In shady mountain woods we find this attractive plant, which is called Salmon-berry farther east. It also resembles the eastern Thimble-berry, but its flowers are prettier, for they are white instead of purplish-pink. It has several branching stems, from two to six feet high, the lower ones woody, with shreddy bark and the upper stems pale green, slightly rough and hairy, but with no thorns. The large maple-like leaves are thin in texture, but almost velvety, with hairs on the veins of the under side and on the leaf-stalks, and are bright green, with three or four, toothed lobes. The flowers are occasionally pinkish and measure about two inches across, and grow, a few together, at the ends of long flower-stalks. The petals are slightly crumpled and there are usually five of them, but both sepals and petals vary a good deal in number; the green sepals are velvety, pale inside and tipped with tails, and the pale yellow center is composed of a roundish disk, covered with pistils and surrounded by a fringe of numerous yellow stamens. The fruit is a flattish, red raspberry, disappointing to the taste, for it is mostly seeds. This is found as far east as Michigan.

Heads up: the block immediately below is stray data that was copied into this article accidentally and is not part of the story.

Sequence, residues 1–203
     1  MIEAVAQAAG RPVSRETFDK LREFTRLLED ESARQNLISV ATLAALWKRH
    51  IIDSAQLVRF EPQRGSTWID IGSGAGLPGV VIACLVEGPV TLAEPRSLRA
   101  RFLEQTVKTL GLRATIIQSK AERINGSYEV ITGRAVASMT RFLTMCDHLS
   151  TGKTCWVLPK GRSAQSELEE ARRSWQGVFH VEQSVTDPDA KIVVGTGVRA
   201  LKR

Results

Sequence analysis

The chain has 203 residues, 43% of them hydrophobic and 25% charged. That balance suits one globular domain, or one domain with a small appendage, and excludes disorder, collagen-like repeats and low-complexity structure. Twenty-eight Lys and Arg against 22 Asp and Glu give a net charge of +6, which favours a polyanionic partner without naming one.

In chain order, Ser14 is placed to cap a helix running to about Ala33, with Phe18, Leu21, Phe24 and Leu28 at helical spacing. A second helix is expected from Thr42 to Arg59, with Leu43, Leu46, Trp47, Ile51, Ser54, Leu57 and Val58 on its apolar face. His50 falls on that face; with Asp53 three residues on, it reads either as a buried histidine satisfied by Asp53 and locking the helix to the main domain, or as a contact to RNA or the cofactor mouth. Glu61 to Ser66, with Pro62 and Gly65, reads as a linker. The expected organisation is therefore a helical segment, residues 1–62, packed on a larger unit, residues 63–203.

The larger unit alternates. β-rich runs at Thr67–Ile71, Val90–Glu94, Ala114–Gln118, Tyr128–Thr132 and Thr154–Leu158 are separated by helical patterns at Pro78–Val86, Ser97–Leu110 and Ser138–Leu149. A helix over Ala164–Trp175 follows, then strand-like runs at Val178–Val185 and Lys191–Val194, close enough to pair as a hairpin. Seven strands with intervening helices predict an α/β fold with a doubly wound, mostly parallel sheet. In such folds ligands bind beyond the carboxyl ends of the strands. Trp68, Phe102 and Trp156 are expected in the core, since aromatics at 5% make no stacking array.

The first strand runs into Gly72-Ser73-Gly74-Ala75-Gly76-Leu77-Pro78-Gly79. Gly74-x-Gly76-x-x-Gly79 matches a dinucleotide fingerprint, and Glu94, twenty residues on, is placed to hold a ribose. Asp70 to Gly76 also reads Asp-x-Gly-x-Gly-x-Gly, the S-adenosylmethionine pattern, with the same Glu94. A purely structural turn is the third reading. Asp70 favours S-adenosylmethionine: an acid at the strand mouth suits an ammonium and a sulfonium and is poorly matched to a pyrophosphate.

Thimbleberry Rubus prviflorus  Creeping Raspberry R.pedatus

Thimbleberry-Rubus prviflorus- Creeping Raspberry-R.pedatus. ROSE FAMILY. Rosaceae.